There are just 35 Hainan gibbons estimated to remain on Earth.
We caught up Dr Heidi Ma, Postdoctoral Research Assistant at ZSL’s Institute of Zoology, to find out how ZSL is helping to secure a future for this Critically Endangered primate...
What makes Hainan gibbons special?
Hainan gibbons are the rarest primates and one of the rarest mammals on Earth. They are strictly arboreal, living their entire lives in the forest canopy.
They form family groups of one adult male, two adult females, and their offspring, and have strong bonds which they declare by singing duets in the morning. Their song is loud and can travel up to 2 kilometres, we record these songs, calls and other sounds from the forest with acoustic recorders for analysis with machine learning algorithms.
Why do they need our help?
Hainan gibbons were once widespread across Hainan Island, China, with a population of about 2,000 in the 1950s, which declined catastrophically in the late twentieth century. They have since persisted in a single patch of forest inside Hainan Tropical Rainforest National Park, that is only 15 square kilometres, with a population of only about 35 individuals surviving.
What has caused such a dramatic decline?
The main threats that drove them to near extinction were direct hunting and habitat loss. In the last two decades, their population has slowly recovered, but growth is limited by the amount of available good quality, primary forest habitat.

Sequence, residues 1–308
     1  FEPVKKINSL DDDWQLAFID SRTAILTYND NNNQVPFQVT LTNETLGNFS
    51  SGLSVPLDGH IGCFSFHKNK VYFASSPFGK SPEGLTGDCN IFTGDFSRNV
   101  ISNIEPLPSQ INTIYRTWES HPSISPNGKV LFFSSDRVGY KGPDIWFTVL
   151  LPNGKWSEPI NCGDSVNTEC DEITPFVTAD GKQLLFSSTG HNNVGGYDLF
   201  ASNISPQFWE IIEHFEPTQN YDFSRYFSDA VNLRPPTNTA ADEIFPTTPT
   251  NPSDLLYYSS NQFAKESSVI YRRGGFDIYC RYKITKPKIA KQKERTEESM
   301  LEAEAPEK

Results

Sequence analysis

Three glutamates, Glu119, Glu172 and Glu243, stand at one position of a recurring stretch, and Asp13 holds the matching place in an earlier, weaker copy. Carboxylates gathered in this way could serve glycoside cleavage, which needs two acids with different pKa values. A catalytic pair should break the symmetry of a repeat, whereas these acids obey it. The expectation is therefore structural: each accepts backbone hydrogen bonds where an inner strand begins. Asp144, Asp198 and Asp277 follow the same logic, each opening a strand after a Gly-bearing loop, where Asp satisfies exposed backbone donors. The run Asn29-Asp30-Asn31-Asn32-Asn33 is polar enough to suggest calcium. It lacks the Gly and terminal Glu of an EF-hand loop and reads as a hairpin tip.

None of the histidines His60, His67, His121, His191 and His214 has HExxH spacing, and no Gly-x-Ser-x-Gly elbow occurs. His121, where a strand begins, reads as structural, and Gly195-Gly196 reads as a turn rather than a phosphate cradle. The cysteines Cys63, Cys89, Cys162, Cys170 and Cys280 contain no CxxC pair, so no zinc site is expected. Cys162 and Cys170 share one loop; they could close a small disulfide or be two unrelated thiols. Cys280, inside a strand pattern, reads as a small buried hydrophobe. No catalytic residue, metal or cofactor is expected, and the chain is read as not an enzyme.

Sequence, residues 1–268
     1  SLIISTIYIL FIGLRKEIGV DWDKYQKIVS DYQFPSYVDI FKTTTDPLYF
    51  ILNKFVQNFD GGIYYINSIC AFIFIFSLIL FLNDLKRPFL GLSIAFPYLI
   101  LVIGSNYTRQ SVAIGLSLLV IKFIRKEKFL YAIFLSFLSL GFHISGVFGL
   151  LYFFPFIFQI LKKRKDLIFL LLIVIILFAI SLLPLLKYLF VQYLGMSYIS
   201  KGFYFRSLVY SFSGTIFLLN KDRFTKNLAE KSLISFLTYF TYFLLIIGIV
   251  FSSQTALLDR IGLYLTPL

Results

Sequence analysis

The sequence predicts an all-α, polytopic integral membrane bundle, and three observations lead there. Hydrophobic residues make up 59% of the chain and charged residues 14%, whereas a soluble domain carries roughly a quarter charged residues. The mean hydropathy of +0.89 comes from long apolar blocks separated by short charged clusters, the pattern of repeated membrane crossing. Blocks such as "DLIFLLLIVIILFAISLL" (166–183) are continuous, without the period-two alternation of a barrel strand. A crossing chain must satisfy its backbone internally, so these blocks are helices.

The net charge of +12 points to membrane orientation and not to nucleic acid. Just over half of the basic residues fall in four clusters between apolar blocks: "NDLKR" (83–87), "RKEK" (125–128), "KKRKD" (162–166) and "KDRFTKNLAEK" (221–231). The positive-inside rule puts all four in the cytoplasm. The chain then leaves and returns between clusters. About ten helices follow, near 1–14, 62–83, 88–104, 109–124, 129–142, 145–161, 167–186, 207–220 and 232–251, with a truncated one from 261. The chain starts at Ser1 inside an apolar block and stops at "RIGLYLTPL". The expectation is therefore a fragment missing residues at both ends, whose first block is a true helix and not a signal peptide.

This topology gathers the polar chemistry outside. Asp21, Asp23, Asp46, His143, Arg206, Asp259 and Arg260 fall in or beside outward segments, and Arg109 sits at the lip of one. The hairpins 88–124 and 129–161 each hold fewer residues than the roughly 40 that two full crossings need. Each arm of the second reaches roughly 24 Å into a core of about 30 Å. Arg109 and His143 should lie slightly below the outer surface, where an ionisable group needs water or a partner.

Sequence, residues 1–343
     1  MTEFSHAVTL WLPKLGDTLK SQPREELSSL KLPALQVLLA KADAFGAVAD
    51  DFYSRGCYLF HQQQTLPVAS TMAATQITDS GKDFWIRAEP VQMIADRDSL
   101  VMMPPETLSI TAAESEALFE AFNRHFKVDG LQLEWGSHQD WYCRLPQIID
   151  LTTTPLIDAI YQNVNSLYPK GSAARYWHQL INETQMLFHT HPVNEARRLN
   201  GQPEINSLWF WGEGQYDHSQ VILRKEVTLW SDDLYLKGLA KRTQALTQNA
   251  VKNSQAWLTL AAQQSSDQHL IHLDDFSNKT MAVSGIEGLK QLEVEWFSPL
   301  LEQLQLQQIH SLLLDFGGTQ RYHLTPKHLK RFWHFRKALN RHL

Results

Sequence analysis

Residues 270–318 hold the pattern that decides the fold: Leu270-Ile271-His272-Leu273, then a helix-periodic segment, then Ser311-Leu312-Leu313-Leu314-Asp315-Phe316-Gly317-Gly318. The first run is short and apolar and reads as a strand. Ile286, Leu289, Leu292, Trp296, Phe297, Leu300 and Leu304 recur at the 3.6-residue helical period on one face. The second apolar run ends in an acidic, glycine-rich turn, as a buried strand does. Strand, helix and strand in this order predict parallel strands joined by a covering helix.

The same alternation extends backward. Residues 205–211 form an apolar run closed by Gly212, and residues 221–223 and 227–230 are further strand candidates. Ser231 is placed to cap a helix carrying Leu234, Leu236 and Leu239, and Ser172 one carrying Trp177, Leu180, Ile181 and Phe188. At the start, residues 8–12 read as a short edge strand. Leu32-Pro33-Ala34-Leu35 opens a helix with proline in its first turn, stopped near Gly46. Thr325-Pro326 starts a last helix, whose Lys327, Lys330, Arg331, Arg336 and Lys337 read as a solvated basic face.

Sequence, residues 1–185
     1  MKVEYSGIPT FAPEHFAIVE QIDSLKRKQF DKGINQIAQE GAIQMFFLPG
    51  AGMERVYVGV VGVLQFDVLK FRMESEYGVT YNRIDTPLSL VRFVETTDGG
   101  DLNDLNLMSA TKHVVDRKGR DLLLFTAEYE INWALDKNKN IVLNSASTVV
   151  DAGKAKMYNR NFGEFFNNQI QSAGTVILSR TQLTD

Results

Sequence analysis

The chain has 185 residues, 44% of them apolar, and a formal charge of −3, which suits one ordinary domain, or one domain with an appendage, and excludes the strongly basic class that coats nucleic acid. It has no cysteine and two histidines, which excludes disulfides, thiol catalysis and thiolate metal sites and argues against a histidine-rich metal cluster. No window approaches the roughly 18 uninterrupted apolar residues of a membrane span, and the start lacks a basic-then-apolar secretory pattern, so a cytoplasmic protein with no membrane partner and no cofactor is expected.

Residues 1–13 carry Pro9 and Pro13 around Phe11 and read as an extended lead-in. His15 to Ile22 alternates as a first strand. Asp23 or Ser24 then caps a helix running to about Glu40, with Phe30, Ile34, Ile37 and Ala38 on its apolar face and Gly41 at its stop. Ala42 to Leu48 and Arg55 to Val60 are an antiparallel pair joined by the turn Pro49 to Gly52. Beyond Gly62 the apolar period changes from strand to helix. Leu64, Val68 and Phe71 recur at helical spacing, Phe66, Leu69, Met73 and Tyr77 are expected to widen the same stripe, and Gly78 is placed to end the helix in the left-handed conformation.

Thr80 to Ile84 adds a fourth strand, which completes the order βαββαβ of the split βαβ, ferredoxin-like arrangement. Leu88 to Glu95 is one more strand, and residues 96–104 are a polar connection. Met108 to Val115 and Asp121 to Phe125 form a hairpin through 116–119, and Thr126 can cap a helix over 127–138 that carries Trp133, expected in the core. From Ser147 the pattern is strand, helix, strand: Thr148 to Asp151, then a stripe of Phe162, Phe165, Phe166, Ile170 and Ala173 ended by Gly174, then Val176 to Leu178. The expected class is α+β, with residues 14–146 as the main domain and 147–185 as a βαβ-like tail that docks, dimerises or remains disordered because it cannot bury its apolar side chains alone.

How is ZSL helping to secure a future for the Hainan gibbon?
As part of our Hainan Gibbon Project, we work with Chinese collaborators to help ensure the continued effective protection of gibbon habitat and enhanced forest connectivity.
We advise on the optimal monitoring methods to understand gibbon social group formation, habitat requirements and dispersal and understand the wider status and threats to endemic biodiversity on Hainan Island.
How are we working with local people to support the Hainan gibbon?
We work closely with Chinese collaborators and communities local to Hainan gibbon habitat and conduct research by interviewing people living in rural villages surrounding the protected area where gibbons are found.
We contribute to local capacity building for Hainan gibbon conservation, by working with researchers, students, non-profits, local communities, and governing authorities.
Finally, what are your hopes for Hainan gibbons in the future?
My hope is for the Hainan gibbon population to keep increasing and become more resilient to possible natural or human-cause disasters, and for the species to become a flagship and umbrella species for Hainan's tropical rainforests, which contain other poorly known but highly threated species such as the Hainan peacock pheasant and freshwater turtles.
I also envision a future in which gibbons, other wildlife, and the forest ecosystem are known to and experienced by more people, and that local culture is equally valued and protected as part of conservation management of the entire landscape.